Supply chain disruption management requires resiliency and robustness.
Supply chain disruption is nothing new, but how can businesses prepare for it? Increased supply chain resilience is beneficial, as is keeping an open mind about what to anticipate and rethinking just-in-time manufacturing. Over a decade, disruptions cost corporations 45 percent of their annual revenues. According to Retsef Levi, an MIT Sloan professor of operations management, companies must accept unpredictability in their condition of operations. He offered three strategies for dealing with uncertainty:
Knowing the difference between regular and irregular operations, designing and implementing solutions to make your firm more resilient and robust, and managing exposure to predict disaster. An end-to-end strategy, for example, may put one supplier in control of the whole shipping route. According to Agmoni, travel periods from China to the Midwest in the United States averaged 34 to 74 days just before the epidemic. Uncertainty arises due to this unpredictability, which leads to the accumulation of safety stock.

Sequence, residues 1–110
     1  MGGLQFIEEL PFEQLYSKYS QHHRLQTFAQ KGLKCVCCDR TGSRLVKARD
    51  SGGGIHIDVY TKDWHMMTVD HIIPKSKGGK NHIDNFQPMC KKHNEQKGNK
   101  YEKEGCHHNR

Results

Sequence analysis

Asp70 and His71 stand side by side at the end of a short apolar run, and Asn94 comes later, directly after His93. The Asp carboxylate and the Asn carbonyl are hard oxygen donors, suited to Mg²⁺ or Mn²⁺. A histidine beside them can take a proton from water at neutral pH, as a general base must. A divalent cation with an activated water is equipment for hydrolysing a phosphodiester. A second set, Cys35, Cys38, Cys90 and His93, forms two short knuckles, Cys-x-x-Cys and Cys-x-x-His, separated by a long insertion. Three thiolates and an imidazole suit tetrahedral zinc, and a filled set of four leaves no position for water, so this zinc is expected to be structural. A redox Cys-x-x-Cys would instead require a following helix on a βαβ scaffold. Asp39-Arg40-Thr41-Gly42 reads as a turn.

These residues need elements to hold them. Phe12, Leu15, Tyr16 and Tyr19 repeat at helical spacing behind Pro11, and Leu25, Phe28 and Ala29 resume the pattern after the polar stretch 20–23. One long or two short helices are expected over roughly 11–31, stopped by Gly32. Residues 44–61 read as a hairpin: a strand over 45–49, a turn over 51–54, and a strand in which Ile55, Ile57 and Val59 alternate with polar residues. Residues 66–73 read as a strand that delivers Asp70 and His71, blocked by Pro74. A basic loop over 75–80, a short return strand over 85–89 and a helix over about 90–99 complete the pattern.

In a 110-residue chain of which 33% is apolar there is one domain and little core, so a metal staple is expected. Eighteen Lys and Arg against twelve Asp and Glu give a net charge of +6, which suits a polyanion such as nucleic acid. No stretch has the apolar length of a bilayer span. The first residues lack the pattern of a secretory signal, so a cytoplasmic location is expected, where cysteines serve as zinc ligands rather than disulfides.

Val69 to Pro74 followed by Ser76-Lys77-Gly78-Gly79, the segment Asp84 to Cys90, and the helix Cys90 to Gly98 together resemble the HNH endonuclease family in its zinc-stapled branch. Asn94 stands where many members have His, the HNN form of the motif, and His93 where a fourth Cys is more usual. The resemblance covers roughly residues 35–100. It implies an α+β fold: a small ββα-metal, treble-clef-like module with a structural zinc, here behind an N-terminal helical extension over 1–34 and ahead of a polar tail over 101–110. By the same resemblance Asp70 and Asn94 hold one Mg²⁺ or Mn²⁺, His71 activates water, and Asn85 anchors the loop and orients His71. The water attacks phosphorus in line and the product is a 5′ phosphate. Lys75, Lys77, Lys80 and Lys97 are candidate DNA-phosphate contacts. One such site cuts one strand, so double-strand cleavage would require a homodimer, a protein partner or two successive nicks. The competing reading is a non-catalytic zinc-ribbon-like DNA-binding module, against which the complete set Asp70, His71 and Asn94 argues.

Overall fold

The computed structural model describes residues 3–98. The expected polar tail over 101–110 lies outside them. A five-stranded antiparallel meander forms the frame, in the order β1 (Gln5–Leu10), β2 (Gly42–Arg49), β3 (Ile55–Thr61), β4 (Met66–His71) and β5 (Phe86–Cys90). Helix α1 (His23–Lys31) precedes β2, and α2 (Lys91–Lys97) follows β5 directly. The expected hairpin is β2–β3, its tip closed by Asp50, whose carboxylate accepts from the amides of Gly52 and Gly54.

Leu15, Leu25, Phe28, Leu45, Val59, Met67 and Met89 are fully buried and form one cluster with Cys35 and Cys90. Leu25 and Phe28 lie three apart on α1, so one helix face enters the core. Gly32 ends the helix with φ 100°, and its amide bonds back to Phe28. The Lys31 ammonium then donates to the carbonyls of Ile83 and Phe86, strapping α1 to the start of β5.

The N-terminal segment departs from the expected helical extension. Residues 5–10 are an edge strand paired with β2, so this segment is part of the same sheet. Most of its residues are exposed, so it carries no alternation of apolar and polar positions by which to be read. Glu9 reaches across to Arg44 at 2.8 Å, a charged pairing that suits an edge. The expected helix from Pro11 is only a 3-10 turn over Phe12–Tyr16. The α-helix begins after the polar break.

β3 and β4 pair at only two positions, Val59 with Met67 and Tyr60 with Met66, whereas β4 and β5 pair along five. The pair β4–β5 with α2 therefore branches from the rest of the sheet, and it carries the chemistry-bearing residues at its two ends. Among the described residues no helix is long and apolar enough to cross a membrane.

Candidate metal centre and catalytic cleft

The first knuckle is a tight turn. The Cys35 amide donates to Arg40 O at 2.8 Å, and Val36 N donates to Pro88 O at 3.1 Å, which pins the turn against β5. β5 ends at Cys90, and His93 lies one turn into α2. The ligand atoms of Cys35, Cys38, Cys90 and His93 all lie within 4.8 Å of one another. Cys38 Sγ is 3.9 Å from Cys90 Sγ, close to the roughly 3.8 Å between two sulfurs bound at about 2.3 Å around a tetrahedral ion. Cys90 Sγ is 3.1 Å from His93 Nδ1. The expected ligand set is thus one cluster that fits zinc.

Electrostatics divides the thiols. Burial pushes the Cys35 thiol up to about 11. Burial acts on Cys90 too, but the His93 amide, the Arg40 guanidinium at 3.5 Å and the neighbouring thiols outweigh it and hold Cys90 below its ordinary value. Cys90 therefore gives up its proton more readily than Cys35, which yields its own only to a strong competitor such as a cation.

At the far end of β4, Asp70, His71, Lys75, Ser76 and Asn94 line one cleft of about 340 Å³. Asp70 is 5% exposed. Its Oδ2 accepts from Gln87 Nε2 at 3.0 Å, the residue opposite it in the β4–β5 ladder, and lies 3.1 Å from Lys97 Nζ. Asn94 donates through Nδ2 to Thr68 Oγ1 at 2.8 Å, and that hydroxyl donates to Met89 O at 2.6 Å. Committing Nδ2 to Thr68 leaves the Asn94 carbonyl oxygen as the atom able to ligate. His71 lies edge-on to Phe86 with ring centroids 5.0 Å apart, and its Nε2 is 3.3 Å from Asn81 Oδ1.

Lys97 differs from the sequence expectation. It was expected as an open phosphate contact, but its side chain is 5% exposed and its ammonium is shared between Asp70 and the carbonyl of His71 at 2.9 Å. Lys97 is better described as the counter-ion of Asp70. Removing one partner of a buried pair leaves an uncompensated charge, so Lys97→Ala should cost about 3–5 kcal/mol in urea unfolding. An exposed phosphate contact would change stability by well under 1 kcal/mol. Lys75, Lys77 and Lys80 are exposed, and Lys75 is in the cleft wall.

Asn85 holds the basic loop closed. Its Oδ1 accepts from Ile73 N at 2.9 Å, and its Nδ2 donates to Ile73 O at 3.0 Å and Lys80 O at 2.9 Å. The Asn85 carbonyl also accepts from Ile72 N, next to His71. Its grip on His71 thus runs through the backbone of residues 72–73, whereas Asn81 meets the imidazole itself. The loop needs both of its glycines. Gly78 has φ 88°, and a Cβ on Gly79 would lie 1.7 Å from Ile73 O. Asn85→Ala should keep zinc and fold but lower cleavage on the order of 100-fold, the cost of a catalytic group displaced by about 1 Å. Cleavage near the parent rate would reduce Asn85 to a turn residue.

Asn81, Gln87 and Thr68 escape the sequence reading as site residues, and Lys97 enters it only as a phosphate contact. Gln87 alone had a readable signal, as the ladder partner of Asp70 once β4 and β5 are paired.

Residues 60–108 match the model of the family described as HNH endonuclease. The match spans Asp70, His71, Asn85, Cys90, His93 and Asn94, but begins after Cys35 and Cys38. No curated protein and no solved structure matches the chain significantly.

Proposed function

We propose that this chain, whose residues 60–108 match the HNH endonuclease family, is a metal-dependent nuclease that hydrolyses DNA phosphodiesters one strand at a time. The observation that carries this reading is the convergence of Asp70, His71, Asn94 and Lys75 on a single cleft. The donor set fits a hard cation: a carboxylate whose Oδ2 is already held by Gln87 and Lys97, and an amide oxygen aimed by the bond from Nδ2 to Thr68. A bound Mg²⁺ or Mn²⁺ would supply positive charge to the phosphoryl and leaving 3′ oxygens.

When the cost of materials and shipping is growing, this will enable them to spend less on inventories. According to Levi, designers should reinvent goods to make them more adaptable and modular and develop cross-industry standards.